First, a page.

Jaime Ginter is a physical anthropologist with research interests in skeletal biology, bio-archaeology, and forensic anthropology. She obtained degrees from the University of Alberta (B.A.), the University of Western Ontario (M.A.), and the University of Toronto (Ph.D.). Her research explores skeletal and archaeological evidence for lifestyle change among South African Later Stone Age hunting and gathering populations and prehistoric Ontario First Nations groups. She has recently applied her interests in health and ageing to a research project that examined the vitamin D levels of older adults of diverse ancestry living in the Greater Toronto Area.
Ginter JK, Krithika S, Gozdzik A, Hanwell H, Whiting S, Parra EJ. 2013. Vitamin D Status of Older Adults of Diverse Ancestry Living in the Greater Toronto Area. BMC Geriatrics 13: 66-76.
Ginter, JK. 2011. A Bio-archaeological Investigation of the Transition from Foraging to Pastoralism in the Eastern Cape, South Africa during the Late Holocene. In Human Bio-archaeology of the Transition to Agriculture, Ron Pinhasi and Jay T. Stock, eds, p. 107-149. John Wiley & Sons Limited.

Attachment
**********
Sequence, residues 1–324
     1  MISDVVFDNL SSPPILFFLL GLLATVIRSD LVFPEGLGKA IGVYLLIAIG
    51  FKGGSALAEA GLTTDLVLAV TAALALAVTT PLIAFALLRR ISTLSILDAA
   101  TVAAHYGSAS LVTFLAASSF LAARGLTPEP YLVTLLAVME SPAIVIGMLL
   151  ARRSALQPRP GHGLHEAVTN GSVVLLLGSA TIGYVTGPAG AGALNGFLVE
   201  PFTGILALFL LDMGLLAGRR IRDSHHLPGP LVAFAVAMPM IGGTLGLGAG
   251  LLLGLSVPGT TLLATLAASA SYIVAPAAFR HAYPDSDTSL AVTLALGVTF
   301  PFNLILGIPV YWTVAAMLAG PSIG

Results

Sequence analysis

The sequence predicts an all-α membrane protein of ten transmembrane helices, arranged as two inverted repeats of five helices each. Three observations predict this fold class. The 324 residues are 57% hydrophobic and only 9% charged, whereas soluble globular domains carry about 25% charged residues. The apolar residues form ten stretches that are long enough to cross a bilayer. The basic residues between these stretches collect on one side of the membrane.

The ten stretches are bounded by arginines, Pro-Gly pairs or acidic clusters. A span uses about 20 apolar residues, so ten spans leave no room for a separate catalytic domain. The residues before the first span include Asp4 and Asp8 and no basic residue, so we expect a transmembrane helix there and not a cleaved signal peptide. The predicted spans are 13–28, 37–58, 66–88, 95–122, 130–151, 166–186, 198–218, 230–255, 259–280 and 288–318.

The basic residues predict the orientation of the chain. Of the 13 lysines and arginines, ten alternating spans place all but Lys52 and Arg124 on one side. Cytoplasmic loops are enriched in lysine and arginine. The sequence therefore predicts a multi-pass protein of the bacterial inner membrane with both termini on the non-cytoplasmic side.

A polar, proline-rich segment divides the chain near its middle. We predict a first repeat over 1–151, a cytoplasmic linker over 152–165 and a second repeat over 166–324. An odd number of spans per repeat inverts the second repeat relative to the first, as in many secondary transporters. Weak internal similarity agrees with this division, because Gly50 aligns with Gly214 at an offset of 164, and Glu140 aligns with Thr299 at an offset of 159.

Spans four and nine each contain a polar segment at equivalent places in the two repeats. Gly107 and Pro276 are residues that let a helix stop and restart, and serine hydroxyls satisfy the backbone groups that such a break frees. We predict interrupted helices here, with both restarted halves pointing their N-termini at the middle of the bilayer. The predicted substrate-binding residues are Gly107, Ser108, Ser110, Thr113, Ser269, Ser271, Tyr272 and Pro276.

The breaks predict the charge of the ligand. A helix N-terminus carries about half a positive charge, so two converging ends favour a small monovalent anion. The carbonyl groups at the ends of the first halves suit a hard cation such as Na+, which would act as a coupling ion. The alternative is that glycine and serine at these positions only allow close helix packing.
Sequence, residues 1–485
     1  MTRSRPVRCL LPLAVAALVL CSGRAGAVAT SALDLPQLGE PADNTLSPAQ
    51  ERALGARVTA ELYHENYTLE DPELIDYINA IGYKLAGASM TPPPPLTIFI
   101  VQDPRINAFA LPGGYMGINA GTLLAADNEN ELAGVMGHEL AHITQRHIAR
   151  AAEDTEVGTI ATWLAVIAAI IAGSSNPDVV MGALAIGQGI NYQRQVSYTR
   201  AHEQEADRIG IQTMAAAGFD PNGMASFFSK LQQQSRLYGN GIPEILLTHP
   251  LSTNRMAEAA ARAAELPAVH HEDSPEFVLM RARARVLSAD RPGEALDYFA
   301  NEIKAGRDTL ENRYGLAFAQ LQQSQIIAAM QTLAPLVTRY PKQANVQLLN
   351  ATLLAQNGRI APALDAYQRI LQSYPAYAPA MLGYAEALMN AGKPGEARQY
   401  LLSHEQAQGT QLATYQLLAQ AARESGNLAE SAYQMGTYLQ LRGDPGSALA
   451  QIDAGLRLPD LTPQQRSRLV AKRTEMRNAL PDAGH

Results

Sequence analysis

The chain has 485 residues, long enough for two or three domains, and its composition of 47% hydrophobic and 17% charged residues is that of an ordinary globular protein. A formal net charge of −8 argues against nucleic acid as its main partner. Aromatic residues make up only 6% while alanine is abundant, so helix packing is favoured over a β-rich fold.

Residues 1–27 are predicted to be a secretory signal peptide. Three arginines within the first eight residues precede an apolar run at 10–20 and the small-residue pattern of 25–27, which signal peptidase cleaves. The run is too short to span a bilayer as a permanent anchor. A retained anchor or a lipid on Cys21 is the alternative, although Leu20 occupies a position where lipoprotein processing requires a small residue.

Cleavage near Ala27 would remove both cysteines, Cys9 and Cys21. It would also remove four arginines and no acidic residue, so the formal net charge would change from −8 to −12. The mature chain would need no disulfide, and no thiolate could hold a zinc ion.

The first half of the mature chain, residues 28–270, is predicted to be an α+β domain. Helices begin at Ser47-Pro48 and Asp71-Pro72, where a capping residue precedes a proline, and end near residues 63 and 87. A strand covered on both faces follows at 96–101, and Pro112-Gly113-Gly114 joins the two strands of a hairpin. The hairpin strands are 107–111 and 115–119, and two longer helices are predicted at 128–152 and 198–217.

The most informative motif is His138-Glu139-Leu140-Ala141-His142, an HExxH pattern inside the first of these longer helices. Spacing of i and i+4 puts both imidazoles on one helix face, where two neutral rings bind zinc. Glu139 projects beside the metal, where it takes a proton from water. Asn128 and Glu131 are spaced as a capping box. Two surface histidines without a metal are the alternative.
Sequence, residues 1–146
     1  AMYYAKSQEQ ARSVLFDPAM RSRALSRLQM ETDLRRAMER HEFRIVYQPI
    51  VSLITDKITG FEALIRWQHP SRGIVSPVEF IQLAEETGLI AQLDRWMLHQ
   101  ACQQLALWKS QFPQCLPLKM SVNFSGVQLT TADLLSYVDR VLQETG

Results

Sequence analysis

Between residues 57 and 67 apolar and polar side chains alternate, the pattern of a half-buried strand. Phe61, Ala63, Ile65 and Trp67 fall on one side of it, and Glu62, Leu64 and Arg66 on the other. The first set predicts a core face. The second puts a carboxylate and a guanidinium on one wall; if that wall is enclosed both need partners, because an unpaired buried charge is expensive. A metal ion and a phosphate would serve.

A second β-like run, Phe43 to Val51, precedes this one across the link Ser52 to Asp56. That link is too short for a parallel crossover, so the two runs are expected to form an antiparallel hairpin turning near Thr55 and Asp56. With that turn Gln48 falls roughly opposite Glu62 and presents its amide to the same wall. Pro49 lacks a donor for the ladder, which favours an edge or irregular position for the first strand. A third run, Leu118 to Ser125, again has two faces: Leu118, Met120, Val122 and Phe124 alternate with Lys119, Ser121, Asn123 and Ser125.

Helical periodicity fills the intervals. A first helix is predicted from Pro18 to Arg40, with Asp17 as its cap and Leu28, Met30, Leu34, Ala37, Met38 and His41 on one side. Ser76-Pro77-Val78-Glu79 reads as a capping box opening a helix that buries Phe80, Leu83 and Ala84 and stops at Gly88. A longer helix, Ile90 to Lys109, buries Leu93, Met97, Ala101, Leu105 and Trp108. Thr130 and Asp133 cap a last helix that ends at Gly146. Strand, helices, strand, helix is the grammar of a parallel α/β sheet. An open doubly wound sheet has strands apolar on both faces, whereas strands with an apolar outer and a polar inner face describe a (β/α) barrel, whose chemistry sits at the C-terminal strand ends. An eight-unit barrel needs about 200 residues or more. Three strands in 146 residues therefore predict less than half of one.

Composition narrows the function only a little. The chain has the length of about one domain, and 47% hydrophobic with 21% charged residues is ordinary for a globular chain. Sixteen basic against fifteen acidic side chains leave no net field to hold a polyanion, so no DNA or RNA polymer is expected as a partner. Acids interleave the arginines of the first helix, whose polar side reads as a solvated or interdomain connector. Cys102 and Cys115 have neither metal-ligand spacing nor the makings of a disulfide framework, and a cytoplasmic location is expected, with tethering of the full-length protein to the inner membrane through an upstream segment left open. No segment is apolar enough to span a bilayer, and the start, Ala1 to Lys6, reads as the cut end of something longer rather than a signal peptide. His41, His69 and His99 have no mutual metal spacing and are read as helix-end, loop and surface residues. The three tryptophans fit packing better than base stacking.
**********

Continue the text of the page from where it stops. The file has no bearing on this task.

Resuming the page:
Ginter, JK. 2010. Origins of the Odd Fellows Skeletal Collection: Exploring Links to Early Medical Training. In The "Compleat Archaeologist": Papers in Honour of Michael W. Spence, Chris J. Ellis, Neal Ferris, Peter Timmins and Christine D. White, eds. London Chapter Ontario Archaeological Society, Occasional Paper No. 9 (co-published as journal Ontario Archaeology 85-88).
Dewar, G., Ginter, J.K.., Shook, B.A.S., Ferris, N., Henderson, H. 2010. A Bio-archaeological Study of a Western Basin Tradition Cemetery on the Detroit River. Journal of Archaeological Science 37(9): 2245-2254. Kurki, HK, Ginter, JK, Stock, JT, Pfeiffer, S. 2010. Body size estimation of small-bodied humans:
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